“I feel like that's something in my life that I'm more interested in,” Rabin says. “Focusing on things.”
His comment is grounded in the major differences between Little Deadman and previous projects that Rabin, guitarist Anthony Levas and bassist Tyson Wirtzfeld have collaborated on throughout the years. (The trio recently brought in drummer Brian Dahl, whose last band, indie-pop outfit Gray Ghosts, called it quits last year.)
Lately, the guys have taken a more pop-oriented approach:
Little Deadman's energetic, lo-fi sound draws influence from the straightforward songwriting of The Clash and the fuzzedout melodies of The Jesus and Mary Chain. By comparison, Rabin says his previous project, Red Feathers, a dark blues-rock group, was more of a “derivative band.”
“I love '60s rhythm and blues, and I felt like people thought that type of music was more interesting—that it was more unconventional today because it was all over the place,” he says. “But having more of an accessible pop sensibility in this new music actually makes more sense to me, because there's a thread that runs through everything.
“I used to think that was sort of negative—that you're not choosing the best songs, that trying to create a sound is contrived,” Rabin continues. “But in the end, focusing on things has enabled me to really hammer in on what I want to say.”
You can hear the sound Rabin's aiming for on the “Shooting Seagulls” 7-inch that Little Deadman will release this week. Recorded with the help of Keith Milgaten, a local sound engineer who also heads the band Jamuel Saxon, the 7-inch features two songs that show off contrasting sides of the same tonal coin—where “Shooting Seagulls” builds on a driving and danceable beat, b-side “Fear is Not the End” turns the shoegaze dial up to 11. The reference points are clear, but the urgent, stripped-down production and Rabin's dreamy, underwater vocals sound fresh and new.
But focus has also started to become a matter of necessity in day-to-day band activities. Rabin's been splitting his time between here and northern California, where he's pursuing a master's degree at San Francisco Art Institute. Even with time off for breaks and weekends, every minute spent working on Little Deadman in San Diego has to be mined for maximum potential.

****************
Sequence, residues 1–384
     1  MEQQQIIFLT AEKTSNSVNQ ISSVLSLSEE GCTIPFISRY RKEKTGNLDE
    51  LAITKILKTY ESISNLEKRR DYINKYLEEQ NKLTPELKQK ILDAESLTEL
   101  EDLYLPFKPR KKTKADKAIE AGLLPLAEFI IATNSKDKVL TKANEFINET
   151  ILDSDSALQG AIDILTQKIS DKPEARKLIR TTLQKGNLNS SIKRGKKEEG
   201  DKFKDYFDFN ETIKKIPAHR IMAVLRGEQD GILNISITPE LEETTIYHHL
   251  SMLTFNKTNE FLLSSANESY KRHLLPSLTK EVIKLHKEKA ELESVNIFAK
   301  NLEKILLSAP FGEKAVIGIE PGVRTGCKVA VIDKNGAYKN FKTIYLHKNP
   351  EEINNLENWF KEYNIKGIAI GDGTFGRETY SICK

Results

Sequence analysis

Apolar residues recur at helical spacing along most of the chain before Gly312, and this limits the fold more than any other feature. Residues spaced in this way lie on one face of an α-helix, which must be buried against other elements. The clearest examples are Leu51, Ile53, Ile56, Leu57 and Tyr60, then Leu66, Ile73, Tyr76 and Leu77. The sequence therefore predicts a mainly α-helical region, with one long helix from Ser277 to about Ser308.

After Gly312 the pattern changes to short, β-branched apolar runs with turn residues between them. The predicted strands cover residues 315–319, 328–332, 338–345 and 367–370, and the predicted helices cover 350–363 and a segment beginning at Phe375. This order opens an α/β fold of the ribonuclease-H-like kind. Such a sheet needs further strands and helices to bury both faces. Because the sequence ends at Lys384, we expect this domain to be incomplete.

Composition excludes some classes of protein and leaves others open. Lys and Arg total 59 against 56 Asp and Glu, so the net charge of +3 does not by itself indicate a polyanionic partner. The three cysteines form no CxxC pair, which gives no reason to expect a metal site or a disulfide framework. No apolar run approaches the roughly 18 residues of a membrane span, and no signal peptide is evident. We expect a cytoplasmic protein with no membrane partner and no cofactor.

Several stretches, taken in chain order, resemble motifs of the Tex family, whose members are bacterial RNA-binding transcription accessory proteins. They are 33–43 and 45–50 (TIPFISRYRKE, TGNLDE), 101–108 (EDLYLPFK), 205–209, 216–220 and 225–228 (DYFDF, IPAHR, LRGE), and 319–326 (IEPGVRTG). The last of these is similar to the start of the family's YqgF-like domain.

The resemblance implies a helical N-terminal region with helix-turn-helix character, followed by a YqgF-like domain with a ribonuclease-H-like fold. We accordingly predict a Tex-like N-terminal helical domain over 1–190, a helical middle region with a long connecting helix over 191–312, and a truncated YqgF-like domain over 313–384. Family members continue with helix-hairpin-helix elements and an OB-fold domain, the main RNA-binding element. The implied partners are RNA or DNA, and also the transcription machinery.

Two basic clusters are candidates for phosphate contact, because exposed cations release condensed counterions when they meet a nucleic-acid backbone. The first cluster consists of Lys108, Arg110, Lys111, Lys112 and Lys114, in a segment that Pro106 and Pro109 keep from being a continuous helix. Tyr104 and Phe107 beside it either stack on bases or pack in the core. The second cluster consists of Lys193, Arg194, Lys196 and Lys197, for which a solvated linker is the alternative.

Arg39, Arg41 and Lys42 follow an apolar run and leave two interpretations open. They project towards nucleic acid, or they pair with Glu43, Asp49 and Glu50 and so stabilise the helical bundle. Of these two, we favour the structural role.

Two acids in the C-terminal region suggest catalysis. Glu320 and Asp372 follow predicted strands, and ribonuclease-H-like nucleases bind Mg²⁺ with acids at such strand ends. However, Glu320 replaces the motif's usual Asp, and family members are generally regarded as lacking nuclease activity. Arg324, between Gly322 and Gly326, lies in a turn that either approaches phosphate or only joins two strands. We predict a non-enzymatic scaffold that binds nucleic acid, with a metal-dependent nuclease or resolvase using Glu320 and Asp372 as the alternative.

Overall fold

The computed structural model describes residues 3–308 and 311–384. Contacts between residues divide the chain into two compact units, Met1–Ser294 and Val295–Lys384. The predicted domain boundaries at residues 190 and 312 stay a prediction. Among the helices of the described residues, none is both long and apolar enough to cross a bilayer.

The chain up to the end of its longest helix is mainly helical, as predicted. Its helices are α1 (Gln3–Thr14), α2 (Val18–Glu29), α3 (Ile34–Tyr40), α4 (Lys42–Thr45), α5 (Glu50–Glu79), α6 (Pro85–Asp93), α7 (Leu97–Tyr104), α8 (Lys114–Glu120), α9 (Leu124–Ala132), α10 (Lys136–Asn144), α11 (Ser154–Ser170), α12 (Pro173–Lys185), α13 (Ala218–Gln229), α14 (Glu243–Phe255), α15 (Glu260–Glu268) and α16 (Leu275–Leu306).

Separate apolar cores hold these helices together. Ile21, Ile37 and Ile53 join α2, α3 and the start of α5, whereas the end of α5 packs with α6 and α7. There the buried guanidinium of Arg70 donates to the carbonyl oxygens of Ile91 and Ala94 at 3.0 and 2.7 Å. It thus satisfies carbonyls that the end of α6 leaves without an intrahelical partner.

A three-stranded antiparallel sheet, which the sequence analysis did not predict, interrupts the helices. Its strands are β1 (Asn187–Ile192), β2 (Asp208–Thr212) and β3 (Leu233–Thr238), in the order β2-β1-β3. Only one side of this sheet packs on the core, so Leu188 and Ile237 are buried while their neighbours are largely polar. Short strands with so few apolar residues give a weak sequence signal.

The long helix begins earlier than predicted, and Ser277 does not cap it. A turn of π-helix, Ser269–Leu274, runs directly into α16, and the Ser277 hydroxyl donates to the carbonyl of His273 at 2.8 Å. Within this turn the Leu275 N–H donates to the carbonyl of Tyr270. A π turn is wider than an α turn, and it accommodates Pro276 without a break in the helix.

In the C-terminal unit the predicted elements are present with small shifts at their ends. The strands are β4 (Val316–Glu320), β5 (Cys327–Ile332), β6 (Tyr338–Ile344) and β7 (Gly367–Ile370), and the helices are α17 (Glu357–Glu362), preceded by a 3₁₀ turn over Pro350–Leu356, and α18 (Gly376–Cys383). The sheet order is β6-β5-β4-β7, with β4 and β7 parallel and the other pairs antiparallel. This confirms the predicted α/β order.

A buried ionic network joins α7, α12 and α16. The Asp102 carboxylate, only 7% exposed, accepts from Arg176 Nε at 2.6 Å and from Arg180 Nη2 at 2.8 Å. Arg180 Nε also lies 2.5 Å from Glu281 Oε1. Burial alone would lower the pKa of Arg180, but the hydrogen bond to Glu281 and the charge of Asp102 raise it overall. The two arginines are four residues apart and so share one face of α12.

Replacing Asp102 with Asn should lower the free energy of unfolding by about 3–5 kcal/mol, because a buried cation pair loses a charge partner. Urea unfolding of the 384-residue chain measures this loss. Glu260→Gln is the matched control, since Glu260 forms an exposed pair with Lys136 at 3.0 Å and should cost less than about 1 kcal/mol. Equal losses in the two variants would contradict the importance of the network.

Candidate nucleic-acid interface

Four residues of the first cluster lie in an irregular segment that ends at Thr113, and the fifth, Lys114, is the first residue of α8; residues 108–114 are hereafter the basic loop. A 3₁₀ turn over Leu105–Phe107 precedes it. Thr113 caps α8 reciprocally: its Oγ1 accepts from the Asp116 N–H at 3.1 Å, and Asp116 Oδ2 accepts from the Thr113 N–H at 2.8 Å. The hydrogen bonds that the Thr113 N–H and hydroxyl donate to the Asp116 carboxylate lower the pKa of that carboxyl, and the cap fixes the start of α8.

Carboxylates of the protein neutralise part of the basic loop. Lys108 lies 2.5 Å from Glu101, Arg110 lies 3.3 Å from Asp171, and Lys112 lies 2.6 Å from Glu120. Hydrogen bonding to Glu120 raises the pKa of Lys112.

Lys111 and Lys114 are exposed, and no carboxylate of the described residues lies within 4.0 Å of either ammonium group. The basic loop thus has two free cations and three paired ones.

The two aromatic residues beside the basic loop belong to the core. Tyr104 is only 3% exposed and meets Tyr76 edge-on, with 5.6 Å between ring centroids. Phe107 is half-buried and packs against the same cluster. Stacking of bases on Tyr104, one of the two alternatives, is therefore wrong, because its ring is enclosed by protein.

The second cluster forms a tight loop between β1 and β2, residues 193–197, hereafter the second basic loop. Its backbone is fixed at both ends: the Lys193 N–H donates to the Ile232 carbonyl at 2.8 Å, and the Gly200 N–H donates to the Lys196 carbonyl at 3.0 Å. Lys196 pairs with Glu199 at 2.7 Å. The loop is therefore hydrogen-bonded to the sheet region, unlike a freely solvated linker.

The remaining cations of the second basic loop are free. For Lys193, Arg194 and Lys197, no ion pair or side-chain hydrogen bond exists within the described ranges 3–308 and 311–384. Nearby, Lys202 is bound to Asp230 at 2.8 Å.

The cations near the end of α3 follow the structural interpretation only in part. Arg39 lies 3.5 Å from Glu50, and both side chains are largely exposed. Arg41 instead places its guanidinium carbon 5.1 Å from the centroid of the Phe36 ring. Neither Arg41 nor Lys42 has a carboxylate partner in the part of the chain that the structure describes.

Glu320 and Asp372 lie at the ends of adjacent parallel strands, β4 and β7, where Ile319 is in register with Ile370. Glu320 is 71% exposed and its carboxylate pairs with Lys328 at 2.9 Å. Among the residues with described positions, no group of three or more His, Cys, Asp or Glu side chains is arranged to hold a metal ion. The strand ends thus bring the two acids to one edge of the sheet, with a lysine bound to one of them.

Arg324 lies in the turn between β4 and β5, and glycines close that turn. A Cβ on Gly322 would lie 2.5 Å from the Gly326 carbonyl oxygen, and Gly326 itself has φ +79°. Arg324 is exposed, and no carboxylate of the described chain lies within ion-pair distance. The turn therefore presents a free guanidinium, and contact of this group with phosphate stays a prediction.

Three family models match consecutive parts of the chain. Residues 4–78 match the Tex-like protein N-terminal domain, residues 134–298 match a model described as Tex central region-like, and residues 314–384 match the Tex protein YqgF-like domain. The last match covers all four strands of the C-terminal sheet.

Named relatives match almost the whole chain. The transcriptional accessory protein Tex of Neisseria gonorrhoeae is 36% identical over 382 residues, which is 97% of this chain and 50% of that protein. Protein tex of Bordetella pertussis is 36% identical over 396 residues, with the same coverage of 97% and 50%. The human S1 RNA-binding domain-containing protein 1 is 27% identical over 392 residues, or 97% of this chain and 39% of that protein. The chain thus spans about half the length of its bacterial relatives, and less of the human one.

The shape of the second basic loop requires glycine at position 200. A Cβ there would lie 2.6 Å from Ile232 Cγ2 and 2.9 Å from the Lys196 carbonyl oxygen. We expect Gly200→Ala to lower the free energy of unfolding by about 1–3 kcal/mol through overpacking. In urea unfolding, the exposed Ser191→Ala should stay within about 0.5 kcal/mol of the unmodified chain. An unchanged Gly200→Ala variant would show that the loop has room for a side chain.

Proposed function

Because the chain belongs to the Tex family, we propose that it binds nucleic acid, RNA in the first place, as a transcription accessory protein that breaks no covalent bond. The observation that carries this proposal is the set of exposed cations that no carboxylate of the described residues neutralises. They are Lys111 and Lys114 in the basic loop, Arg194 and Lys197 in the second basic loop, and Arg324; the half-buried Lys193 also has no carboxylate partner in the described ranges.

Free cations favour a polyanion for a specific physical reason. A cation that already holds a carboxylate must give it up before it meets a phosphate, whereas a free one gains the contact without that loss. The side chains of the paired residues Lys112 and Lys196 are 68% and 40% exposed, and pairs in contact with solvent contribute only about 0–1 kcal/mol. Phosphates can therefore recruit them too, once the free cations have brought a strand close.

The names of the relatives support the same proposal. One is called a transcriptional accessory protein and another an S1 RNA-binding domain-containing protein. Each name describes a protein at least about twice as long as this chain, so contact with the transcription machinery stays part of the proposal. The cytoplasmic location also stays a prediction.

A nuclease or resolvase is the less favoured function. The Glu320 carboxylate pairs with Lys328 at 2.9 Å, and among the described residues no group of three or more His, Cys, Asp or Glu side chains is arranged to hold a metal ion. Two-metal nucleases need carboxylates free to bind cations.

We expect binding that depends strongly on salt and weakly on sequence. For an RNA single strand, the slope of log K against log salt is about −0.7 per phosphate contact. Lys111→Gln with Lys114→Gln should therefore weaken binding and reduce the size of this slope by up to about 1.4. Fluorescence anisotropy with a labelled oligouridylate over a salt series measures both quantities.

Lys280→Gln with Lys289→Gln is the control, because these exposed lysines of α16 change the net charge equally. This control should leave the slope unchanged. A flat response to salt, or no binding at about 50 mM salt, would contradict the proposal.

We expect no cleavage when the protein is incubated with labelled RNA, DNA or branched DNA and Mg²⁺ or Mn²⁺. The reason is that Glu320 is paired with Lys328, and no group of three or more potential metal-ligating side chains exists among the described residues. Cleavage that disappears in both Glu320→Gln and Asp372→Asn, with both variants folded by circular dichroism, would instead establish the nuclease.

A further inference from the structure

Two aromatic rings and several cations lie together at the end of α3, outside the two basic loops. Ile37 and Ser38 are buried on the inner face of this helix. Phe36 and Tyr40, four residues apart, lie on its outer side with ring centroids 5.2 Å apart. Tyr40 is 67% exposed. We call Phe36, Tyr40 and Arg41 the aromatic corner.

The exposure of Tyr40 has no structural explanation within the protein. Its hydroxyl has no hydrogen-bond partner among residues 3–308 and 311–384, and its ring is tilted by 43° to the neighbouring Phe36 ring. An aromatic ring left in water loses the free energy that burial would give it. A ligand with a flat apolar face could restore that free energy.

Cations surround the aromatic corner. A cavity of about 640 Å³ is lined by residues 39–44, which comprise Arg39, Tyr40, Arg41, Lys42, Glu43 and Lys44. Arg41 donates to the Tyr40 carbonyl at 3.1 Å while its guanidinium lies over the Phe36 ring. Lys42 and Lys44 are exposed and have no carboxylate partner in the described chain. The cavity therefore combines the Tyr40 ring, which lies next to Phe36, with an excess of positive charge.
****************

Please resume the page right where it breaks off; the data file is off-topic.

“You have to schedule practices because people are so busy,” Levas says. “When he comes down, we focus—like: ‘OK, we've got three days to practice before this Karl Strauss show [on May 14].' So, that's what we had to do: practice late, work out the parts.”
“But I actually kind of like it in a way,” Rabin adds, “because when we get together, we're focused. We have a schedule. With every other band I've been in, it's like: ‘Get together and drink beers.' It's fun, but it's not efficient. I like working—that's fun for me, as much as goofing off and jamming. So, for me, it actually works out.”
It's a good thing the Little Deadman crew enjoys the schedule, because things are about to get a lot more hectic. With their 7-inch out, not to mention extra songs available for download on Bandcamp, they're ready to get going. During the past couple weeks, Little Deadman performed at Karl Strauss' Beach to Brewery Beer Music Fest and held a listening party at El Take It Easy, the North Park restaurant and bar. This week, they'll play an in-store show at M-Theory Music and headline a record-release show at The Casbah.
And then? The band isn't sure. They haven't embarked on a full tour yet, but an opportunity with locals Cuckoo Chaos could be on the horizon. Rabin muses on the prospect of building a concept record and even making a short film inspired by the open road.
But all of that will come with time. Right now, the important thing is focusing on the present—and all of the possibilities that right now brings.
Little Deadman will celebrate the release of their “Shooting Seagulls” 7-inch at The Casbah on Thursday, May 26, with Chairs Missing, Plateaus and DJs Mario Orduno and Brandon Welchez. They'll perform at M-Theory Music on Friday, May 27. littledeadman.bandcamp.com